The Shifting Sands and Colors at Higatangan Island, Biliran

Note: This is Part 1 of 2 entries about Higatangan Island. Read Part 2 here.

Panorama of Higatangan Island sandbar in Biliran, Philippines

Higatangan Island sandbar in Biliran

Here at Higatangan Island in Biliran, the sands are never the same.  Its sandbar could snake into several meters one day and spread out in a few directions the next. The differences are most pronounced between the summer and rainy months. The gentle amihan (northeast monsoon wind) usually from November to May directs Higatangan sandbar to the right, while the stronger habagat (southwest monsoon wind) for the rest of the year blows it to the left. Sometimes, pools of water with fish can even be found in the sandbar during the habagat months, as a few locals have told me.

And of course, the colors change, too, depending on the time of the day. I had the privilege of walking along Higatangan sandbar at mid-afternoon, late afternoon to sunset, and sunrise and morning the next day. I was also lucky to spot sea gulls gliding at the end of the sandbar during the afternoon, though not lucky enough to photograph them.

Higatangan Island sandbar at mid-afternoon, Biliran, Visayas, Philippines

The sandbar at mid-afternoon

Late afternoon at Higatangan Island sand bar, Biliran, Visayas, Philippines

Late afternoon

At sunset. Notice that another part of the sandbar is visible. Higatangan Island, Biliran, Visayas, Philippines

At sunset. Notice that another part of the sandbar is visible.

The sun coming out from Biliran mainland's mountains, as seen from Higatangan Island sand bar - Philippines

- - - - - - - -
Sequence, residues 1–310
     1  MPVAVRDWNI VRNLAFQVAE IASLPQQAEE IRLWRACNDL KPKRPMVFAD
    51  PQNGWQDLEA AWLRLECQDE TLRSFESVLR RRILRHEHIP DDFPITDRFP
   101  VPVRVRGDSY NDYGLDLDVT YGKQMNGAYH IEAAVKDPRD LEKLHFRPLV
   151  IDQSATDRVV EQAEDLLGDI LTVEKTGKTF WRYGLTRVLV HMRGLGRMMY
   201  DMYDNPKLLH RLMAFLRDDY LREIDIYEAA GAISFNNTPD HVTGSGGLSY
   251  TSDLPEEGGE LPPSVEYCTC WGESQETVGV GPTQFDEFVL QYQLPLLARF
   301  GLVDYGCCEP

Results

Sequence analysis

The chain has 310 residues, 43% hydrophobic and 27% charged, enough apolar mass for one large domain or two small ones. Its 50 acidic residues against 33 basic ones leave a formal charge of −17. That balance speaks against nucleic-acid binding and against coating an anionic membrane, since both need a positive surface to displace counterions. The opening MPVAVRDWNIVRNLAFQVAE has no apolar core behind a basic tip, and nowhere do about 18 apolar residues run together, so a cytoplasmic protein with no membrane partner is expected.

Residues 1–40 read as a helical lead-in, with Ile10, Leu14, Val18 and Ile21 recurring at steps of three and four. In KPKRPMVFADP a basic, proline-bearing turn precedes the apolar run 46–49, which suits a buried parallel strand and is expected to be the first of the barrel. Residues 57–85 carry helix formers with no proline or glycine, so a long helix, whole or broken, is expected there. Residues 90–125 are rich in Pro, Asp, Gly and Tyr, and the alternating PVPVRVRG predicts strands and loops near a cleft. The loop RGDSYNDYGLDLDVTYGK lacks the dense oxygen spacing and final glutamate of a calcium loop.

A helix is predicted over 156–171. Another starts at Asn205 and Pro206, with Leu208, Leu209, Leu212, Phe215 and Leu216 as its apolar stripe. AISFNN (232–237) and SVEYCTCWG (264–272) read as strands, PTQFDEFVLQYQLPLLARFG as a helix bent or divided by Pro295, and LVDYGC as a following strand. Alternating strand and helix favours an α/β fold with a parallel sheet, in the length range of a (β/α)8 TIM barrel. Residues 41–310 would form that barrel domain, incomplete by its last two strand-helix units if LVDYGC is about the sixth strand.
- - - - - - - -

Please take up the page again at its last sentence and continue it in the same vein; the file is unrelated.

The sun coming out from Biliran mainland’s mountains, as seen from Higatangan

Higatangan Island sandbar, after the sun has risen, Biliran, Visayas, Philippines

After the sun has risen

Higatangan Island sandbar, Biliran, Visayas, Philippines

A few hours later

The only letdown in my experience was that the sandbar had some trash like plastic and broken glass in it. I relayed my concern to the manager of the resort I was staying at and she said that the sandbar is cleaned, though not very regularly. I also told her and a few other locals I talked to that I – and other visitors, I believe – wouldn’t mind paying a small entrance fee if it would go to the maintenance of the sandbar. I could not help comparing the two times I had been to the White Island sandbar in Camiguin, which charged an entrance fee but was well-kept. Hopefully Higatangan sandbar would look more pristine next time. I would definitely go back, though, to see the sandbar’s shape in the habagat months.

Some trash line Higatangan Island sandbar, Biliran, Visayas, Philippines

Some trash line the sand bar.

I did not go for a swim – I was happy enough to walk along and sit on the sandbar. I’m a huge fan of sandbars, and I was particularly thrilled when I had the sandbar all to myself during the mid-afternoon. I saw that the waters quickly ran deep on one side. The sand near the deep end felt a bit like quicksand as my feet quickly sank as I walked. Locals have warned me that the shifting sands of Higatangan brings shifting depths. I would not discourage confident swimmers from enjoying the waters, though. In fact, I saw a few travelers happily dive into the deeper waters before sunset.